Abortion Training Manual Tells Abortion Docs to Never Ever Use This Word to Refer to an Unborn Child

National   |   Micaiah Bilger   |   Jan 4, 2016   |   8:24PM   |   Washington, DC

Call it a “fetus” or a “pregnancy” but never a “baby” is the advice one training manual gives to abortion doctors-in-training.

Live Action writer Carole Novielli recently highlighted these instructions for abortion staffers from The Early Abortion Training Workbook published by Advancing New Standards in Reproductive Health.

The manual advises abortion staffers to avoid the term “baby” even if the pregnant woman uses it. If a woman mentions her “baby,” the manual tells abortion staffers to respond with terms such as “pregnancy tissue,” “pregnancy” or “fetus.”

Major abortion groups have adopted the manipulative language, including the National Abortion Federation, Planned Parenthood, the Feminist Women’s Health Center, the Philadelphia Women’s Center, the Houston Women’s abortion clinic and many others, Novielli wrote.

It comes as no surprise that the term “baby” is treated like a four-letter word in the abortion industry. Evidence suggests that when women are presented with information and images about the humanity of their unborn child, they are more likely to reject abortion.

A 2015 survey conducted by the National Institute of Family and Life Advocates, a national legal network of pro-life pregnancy centers, found that 78 percent of abortion-vulnerable women who saw an ultrasound image of their unborn child chose life.

Many states also have informed consent laws that require that abortion facilities provide women with information about the abortion procedure, their unborn child, and pregnancy and parenting resources prior to having an abortion.



Novielli discovered another way the manual advises abortion workers to manipulate women into having abortions:

… they have developed clever marketing skills that not only bring the girls in for the abortions, but also facilitate the “closure of the sale.” This is illustrated well in the ANSIRH training manual below which instructs abortion providers how to respond to an ambivalent patient:

In deciding how to proceed,” the training manual states, “it is appropriate to trust your own instincts. Some patients, who may be having difficulty accepting responsibility for their decision, recant in an effort to make the provider or agency ‘responsible.’ In such a case, the provider must ask for a clear statement of the patient’s intent before proceeding. For example:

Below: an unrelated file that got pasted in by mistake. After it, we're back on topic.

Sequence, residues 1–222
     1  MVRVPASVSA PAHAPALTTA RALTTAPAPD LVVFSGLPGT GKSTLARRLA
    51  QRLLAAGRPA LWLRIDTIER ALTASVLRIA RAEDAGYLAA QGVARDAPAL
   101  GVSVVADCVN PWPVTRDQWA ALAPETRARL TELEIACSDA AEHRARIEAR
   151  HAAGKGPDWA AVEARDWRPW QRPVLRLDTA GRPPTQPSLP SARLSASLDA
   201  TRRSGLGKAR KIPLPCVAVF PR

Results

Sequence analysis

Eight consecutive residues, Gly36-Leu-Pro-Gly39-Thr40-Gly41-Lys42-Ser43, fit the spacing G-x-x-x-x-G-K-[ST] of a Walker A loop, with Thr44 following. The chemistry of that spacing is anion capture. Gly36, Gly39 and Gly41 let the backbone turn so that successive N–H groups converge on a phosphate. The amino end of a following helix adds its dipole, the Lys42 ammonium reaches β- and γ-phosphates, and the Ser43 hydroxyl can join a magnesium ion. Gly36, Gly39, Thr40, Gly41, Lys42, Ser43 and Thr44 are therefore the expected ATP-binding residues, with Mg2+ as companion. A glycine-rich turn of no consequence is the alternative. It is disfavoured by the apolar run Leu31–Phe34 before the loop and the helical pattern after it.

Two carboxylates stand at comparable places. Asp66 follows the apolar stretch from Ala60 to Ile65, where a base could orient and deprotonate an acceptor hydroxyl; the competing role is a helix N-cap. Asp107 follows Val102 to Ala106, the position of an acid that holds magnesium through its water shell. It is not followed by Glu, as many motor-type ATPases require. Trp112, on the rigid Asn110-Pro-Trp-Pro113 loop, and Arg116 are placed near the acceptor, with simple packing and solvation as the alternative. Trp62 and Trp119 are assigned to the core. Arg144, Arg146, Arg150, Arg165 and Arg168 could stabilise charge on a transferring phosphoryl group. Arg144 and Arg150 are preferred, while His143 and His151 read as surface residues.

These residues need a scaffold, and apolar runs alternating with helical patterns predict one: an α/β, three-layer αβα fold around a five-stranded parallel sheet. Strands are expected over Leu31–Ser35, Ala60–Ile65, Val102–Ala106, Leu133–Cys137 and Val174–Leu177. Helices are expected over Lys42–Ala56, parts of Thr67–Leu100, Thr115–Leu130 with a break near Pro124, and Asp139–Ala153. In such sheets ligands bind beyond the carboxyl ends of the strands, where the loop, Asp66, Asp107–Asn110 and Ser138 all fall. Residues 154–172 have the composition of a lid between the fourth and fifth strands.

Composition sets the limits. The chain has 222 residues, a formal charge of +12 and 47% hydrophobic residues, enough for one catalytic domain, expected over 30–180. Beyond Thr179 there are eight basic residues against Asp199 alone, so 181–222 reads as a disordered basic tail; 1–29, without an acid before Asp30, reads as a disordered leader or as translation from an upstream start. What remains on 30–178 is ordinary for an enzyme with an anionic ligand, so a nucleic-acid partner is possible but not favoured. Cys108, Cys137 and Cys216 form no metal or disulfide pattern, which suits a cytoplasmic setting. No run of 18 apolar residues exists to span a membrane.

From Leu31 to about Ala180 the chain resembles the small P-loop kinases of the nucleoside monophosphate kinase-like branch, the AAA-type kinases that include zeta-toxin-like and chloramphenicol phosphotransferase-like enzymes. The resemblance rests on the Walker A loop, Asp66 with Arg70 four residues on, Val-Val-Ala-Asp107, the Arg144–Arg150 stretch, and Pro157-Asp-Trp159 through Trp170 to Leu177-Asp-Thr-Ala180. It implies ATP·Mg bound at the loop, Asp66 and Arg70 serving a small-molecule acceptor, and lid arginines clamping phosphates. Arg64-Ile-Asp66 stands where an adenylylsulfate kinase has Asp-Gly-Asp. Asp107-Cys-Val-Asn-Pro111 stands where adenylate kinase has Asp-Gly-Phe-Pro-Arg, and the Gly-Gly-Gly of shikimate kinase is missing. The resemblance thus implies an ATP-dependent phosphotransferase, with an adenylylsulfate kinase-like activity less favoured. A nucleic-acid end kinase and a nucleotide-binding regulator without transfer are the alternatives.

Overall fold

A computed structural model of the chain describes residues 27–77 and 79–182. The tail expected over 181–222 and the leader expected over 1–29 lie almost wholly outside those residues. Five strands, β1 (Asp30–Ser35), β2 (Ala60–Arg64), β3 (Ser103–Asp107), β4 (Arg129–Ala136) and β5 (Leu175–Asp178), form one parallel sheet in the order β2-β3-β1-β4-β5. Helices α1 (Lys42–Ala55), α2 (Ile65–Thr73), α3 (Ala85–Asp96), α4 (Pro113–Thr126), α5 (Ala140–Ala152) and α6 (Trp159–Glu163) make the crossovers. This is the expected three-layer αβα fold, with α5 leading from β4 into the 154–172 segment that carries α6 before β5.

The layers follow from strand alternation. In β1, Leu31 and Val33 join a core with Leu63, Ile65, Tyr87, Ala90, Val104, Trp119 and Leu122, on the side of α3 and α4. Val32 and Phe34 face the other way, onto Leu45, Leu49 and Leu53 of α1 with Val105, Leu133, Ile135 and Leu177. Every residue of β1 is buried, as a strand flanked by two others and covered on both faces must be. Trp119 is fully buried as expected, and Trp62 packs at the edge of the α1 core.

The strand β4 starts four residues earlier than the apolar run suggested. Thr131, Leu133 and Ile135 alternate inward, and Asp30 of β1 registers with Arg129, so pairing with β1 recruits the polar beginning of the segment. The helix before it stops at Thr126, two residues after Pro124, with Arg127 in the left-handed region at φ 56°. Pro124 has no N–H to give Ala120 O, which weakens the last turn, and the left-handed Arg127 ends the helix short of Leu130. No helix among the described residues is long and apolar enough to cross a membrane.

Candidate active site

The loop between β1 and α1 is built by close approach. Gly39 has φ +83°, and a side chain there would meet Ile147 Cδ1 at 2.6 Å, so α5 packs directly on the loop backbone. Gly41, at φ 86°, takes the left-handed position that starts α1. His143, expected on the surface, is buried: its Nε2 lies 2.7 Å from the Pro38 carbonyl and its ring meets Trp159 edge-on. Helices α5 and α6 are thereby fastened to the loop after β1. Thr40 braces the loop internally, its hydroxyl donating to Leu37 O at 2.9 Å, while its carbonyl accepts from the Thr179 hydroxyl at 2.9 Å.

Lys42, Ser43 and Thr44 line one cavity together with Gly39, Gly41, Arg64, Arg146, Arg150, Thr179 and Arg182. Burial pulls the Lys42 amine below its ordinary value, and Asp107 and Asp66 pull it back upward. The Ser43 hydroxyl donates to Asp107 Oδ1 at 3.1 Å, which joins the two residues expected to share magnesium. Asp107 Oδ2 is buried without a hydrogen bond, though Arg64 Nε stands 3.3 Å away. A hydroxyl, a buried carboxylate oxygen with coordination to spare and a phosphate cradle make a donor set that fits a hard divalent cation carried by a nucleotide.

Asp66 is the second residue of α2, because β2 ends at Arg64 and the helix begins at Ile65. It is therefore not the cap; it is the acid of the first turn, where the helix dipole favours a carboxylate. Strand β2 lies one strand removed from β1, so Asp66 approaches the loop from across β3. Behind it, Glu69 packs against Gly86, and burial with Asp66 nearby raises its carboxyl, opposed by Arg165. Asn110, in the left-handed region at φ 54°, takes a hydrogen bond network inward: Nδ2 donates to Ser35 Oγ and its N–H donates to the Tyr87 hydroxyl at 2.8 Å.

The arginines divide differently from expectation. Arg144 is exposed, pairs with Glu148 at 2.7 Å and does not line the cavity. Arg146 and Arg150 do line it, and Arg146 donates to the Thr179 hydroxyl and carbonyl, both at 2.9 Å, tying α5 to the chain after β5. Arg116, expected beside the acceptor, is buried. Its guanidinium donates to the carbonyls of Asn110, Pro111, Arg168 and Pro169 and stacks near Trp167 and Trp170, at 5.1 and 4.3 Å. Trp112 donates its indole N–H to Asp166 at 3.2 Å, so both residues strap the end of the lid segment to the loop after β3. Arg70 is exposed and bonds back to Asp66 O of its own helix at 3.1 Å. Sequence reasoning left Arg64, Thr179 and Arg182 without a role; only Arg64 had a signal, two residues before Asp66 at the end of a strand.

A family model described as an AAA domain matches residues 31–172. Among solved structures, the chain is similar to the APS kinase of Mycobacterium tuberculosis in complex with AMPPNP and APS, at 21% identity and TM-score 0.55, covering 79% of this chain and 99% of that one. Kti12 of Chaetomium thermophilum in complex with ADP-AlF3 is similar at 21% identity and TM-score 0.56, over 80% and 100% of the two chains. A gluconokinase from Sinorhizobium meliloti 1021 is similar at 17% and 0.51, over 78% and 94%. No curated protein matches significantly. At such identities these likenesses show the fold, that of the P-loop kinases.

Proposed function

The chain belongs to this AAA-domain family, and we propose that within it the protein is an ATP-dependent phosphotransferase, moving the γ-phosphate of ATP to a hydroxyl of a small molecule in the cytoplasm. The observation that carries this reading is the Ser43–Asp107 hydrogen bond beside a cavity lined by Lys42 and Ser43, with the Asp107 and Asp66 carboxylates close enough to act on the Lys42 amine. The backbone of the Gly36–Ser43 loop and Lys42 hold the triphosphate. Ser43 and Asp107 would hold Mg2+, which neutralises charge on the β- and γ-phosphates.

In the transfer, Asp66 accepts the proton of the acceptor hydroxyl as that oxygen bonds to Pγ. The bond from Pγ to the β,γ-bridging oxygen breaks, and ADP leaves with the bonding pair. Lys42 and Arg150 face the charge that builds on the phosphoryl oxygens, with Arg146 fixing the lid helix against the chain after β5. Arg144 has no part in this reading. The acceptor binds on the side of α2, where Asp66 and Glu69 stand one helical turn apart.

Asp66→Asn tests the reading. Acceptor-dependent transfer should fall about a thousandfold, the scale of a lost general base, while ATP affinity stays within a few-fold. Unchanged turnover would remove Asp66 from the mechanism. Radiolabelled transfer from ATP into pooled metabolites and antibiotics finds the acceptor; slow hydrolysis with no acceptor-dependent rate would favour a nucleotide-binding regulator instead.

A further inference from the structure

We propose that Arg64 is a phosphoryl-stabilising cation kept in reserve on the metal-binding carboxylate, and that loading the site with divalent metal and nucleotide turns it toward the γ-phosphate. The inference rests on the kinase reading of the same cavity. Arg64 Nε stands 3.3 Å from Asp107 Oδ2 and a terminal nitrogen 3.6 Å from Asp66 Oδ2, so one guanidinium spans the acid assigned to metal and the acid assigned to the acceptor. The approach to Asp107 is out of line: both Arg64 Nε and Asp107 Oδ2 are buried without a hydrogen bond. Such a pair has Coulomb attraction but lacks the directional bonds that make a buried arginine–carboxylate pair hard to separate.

I’m not sure if you are ready to go on with the procedure today. If you aren’t sure, we can postpone until you are more sure. Do you need some more time?”

Then, the all-knowing abortion provider is very much aware that the woman, who is agonizing over her decision will opt to go through the abortion. In fact, the training manual tells providers, “For many women, this last moment is what they need; when faced with the possibility of NOT going forward, the other option is less appealing and they know they want to proceed,” they write.

Former abortion clinic owner Carol Everett exposed similar deceptive abortion practices after she quit her work and became pro-life. Everett said selling abortions to make money was their goal.

She said her counselors would “seduce” desperate young women into “a friendship” to recommend abortion. To protect the abortion clinic from liability, Everett said they gave women “a 6- to 12-page form … written to confuse the girl to death” with “words two inches long that no one could possibly understand.”

The practices Novielli pointed out from the abortion training manual expose the profit-driven nature of the entire abortion industry. Though the industry paints itself as a kind, caring “abortion provider,” Novielli wrote that abortion facilities work by selling abortions to vulnerable women in their most difficult time of need.